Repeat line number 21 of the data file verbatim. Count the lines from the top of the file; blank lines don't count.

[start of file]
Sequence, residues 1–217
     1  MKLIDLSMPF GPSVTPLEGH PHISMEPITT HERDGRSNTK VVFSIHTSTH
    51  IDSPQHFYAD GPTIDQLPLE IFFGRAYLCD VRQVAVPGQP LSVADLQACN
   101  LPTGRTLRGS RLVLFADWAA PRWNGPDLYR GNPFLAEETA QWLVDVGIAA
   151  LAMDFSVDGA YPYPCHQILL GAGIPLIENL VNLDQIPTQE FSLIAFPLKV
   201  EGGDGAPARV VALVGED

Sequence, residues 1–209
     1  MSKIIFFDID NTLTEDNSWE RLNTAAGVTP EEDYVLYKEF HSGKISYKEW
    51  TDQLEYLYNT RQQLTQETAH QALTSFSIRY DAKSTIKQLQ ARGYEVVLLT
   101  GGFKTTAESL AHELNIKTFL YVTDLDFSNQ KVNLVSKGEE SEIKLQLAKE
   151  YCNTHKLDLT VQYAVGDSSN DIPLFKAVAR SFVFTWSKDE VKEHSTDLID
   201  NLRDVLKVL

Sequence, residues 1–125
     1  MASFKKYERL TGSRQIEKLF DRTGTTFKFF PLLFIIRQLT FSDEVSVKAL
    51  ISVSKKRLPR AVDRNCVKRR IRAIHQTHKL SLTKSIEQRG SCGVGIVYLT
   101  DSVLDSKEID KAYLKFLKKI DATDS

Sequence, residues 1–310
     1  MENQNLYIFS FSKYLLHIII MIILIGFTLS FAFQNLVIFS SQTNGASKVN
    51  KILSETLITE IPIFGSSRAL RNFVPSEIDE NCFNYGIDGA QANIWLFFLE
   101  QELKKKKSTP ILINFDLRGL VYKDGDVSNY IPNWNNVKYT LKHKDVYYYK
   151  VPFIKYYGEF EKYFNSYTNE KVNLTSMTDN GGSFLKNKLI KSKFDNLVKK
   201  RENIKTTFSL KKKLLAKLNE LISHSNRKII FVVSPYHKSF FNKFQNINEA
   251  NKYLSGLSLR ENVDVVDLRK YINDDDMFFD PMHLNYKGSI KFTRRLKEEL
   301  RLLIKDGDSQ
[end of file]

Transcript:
   151  VPFIKYYGEF EKYFNSYTNE KVNLTSMTDN GGSFLKNKLI KSKFDNLVKK